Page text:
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In A Landmark Case, A Dutch Court Orders Shell To Cut Its Carbon Emissions Faster

Pictures of plaintiffs fly outside the court in The Hague, Netherlands, before Wednesday's ruling ordering Royal Dutch Shell to rein in its carbon emissions. Thousands of citizens joined the suit charging that Shell's fossil fuel investments endanger lives.
Pictures of plaintiffs fly outside the court in The Hague, Netherlands, before Wednesday's ruling ordering Royal Dutch Shell to rein in its carbon emissions. Thousands of citizens joined the suit charging that Shell's fossil fuel investments endanger lives.

Climate change activists have won a big legal victory against oil giant Royal Dutch Shell. A Dutch court ruled Wednesday that the company must reduce its greenhouse gas emissions 45% by 2030, based on 2019 levels.

The case could set a precedent for similar lawsuits against huge oil companies that operate across the globe.

"Our hope is that this verdict will trigger a wave of climate litigation against big polluters, to force them to stop extracting and burning fossil fuels," said Sara Shaw from Friends of the Earth International.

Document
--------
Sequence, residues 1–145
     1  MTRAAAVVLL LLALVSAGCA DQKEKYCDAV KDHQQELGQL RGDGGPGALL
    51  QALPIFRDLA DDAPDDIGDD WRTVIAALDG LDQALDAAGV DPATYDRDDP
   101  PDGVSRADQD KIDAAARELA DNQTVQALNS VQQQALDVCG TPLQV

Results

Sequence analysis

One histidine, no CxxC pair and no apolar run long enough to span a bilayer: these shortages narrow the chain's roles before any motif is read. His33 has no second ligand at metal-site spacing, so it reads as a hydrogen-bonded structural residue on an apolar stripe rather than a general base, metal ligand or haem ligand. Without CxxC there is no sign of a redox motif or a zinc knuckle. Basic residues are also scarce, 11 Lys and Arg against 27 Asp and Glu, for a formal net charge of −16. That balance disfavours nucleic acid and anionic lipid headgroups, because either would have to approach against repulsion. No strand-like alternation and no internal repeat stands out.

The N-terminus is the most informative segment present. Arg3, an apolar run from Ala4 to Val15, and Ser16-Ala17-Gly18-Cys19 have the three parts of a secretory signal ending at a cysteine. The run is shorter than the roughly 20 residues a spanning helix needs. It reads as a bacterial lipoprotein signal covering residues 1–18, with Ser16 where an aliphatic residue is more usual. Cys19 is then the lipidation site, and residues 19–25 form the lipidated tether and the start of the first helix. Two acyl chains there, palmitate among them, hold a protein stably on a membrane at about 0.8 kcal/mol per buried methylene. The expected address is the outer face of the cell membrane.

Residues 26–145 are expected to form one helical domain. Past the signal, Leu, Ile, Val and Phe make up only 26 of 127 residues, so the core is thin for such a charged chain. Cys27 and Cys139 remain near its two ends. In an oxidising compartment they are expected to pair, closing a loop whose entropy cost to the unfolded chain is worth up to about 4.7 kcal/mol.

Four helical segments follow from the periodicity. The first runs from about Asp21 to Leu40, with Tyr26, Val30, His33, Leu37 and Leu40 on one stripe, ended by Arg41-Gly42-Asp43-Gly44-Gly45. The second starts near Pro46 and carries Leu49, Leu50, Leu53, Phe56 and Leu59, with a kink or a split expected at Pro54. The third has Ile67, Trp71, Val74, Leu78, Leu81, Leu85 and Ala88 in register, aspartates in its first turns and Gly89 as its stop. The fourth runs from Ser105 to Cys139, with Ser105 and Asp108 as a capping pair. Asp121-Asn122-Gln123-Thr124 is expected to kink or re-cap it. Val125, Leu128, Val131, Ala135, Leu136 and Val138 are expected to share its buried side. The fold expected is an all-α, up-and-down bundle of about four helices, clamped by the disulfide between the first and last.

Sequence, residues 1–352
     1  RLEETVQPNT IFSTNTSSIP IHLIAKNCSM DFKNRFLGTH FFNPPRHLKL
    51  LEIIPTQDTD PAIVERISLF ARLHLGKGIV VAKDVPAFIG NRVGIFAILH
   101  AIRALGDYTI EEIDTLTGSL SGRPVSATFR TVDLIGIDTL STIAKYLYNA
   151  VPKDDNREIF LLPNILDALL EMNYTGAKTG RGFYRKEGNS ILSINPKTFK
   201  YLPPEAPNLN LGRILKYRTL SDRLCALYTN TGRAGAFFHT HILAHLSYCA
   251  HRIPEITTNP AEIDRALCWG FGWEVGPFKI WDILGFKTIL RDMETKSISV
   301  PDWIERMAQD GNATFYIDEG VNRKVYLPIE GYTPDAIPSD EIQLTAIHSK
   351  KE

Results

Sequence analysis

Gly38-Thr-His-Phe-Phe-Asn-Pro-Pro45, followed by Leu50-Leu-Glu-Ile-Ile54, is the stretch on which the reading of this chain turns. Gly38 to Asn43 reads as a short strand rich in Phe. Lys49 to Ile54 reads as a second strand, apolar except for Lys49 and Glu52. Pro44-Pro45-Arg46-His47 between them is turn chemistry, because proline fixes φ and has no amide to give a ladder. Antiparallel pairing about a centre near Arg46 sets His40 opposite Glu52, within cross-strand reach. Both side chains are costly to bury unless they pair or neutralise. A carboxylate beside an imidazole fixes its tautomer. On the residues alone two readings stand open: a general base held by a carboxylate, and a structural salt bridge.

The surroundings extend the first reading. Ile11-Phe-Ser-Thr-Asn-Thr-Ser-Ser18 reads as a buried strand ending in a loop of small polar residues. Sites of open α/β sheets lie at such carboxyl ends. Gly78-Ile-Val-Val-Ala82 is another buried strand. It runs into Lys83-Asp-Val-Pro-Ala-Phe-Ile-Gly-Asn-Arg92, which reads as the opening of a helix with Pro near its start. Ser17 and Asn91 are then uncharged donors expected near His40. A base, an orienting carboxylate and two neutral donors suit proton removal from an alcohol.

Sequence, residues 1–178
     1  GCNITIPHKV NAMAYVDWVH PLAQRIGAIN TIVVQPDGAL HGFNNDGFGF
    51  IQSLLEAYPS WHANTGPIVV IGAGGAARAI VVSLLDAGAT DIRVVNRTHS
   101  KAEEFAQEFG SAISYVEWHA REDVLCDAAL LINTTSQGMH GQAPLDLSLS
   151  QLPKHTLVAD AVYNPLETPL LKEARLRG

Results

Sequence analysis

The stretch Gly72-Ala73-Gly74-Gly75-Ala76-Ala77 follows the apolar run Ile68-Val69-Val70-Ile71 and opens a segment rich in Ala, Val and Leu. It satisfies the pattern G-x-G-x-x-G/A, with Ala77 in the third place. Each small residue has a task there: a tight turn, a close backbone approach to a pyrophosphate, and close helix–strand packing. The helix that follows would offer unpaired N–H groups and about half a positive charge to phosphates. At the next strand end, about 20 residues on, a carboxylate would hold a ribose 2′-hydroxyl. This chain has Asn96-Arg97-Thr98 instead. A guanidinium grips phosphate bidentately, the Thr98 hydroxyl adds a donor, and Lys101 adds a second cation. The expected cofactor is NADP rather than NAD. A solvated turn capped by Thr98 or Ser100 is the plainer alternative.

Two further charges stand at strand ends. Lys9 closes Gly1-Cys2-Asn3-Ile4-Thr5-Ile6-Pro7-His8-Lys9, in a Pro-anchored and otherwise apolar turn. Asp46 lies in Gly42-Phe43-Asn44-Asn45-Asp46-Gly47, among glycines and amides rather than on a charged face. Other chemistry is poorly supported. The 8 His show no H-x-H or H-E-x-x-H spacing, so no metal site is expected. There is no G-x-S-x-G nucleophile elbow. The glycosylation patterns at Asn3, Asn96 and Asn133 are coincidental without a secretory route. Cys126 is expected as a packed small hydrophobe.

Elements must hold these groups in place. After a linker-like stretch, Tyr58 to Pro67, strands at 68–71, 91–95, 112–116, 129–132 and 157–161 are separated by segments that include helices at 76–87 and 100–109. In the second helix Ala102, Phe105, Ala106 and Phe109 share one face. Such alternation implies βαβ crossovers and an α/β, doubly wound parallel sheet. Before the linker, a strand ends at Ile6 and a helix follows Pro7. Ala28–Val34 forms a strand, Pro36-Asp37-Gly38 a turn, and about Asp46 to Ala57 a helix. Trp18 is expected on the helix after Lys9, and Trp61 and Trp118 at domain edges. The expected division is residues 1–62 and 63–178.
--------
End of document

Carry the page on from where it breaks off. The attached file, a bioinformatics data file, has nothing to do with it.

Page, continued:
The 2030 goal affirmed by the court is more ambitious than Shell's target of becoming "a net-zero emissions energy business by 2050." Shell argues the 2050 goal is in line with the Paris climate accord. But The Hague District Court determined Shell's plans were not adequate.

The ruling applies to Shell and its suppliers and covers not only the companies' emissions but also emissions from products burned by its customers.

"This is a monumental victory for our planet, for our children and a big leap towards a livable future for everyone," said Donald Pols, director of Friends of the Earth Netherlands.

In a statement, Shell spokesperson Anna Arata acknowledged that "urgent action is needed on climate change," and said the company has accelerated efforts to reduce emissions. The oil giant is "investing billions of dollars in low-carbon energy, including electric vehicle charging, hydrogen, renewables and biofuels," Arata said.

The decision comes after scientists have said most of the known fossil fuel reserves will have to be left in the ground to avoid the worst effects of climate change.

This month the U.S. Supreme Court sided with major oil companies in a climate change lawsuit brought by the city of Baltimore. Justices delivered a victory to the oil giants on a technical issue — that the case should be heard in federal court instead of state court, as the city preferred. There are about a dozen similar lawsuits that U.S. state and local governments have brought.

Seven environmental groups filed the lawsuit against Shell, including Friends of the Earth Netherlands, or Milieudefensie, Greenpeace and Fossil Free Netherlands. The lawsuit also named 17,000 Dutch citizens as co-plaintiffs.

Royal Dutch Shell is based in The Hague, where the case was heard. Shell can still appeal the ruling, something the company said it expects to do. The Dutch judge said the more ambitious target for the company will remain in effect while the appeals process plays out.

Copyright 2021 NPR. To see more, visit https://www.npr.org.